No silver bullets for worker shortage



The Maine Department of Labor announced last week that it would tighten its work search requirements for those collecting unemployment beginning May 23.

During the pandemic, the state’s traditional work search requirements were relaxed and reasons for refusing work were broadened to include health concerns and the need to care for children. Now those who are unemployed will be required to actively look for work and risk losing their benefits if they refuse a reasonable job offer. The change also gives employers who have offered a job that has been refused the ability to report that individual to the state via an online form.

“Thousands of Maine people lost their jobs during the pandemic, through no fault of their own. Now it is our goal to get them back to work,” Maine Department of Labor Commissioner Laura Fortman said in a release. “With vaccines more widely available, and with businesses reopened now and in need of help — especially with the busy tourism season approaching — we want people to rejoin the workforce, earn a living and aid in our state’s economic recovery.”

In Hancock County, like many tourist-driven parts of Maine, workers seem to be in short supply. Help wanted signs can be found in windows along High Street and beyond as business owners scramble to figure out how to appropriately staff for what is shaping up to be a busy summer.

With COVID-19 vaccines now widely available and many schools, including Ellsworth, resuming full in-person instruction, the time is right to encourage the unemployed to re-enter the workforce.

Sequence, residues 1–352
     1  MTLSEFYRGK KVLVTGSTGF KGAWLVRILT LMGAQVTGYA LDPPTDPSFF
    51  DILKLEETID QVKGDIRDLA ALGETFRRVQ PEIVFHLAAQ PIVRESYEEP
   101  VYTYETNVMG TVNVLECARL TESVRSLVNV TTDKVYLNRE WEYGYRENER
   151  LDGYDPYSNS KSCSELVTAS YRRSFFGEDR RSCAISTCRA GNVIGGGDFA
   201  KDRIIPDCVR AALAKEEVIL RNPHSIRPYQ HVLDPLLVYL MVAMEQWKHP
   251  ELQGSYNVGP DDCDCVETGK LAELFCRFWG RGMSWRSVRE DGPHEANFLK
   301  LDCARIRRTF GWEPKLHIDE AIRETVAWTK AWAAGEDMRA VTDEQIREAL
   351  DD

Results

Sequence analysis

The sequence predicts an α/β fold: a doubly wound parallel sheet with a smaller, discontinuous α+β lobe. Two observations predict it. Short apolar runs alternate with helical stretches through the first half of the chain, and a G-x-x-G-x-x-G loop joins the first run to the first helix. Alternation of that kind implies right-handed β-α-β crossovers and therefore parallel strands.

But is reinstating full job search requirements a silver bullet for the worker shortage? Sadly, no.

There will still be individuals who only go through the motions of a job “search.” But the bigger issue is there just are not enough workers, especially for seasonal work. 

As of March, Maine’s unemployment rate was 4.8 percent, down from a record 9 percent in April 2020. Many people have returned to the workforce, but not equally in all sectors. In sectors where wages are low and benefits are scarce, workers have been slow to return. For them, enhanced unemployment benefits are likely more attractive than minimum wage. When they do go back to work, employers who offer better pay and year-round opportunities will likely win out.

Businesses have had to curtail hours and days open as they’ve worked to find the right balance between demand and staffing. With a short summer season, every dollar counts, and having to close an establishment due to a lack of staffing when demand is high is a recipe for disaster. Customers may have to lower their expectations when there are not enough employees to serve them.  

Tightening unemployment rules is a necessary step for the state to re-energize its workforce, but the real work to address the seasonal shortage is still to come.

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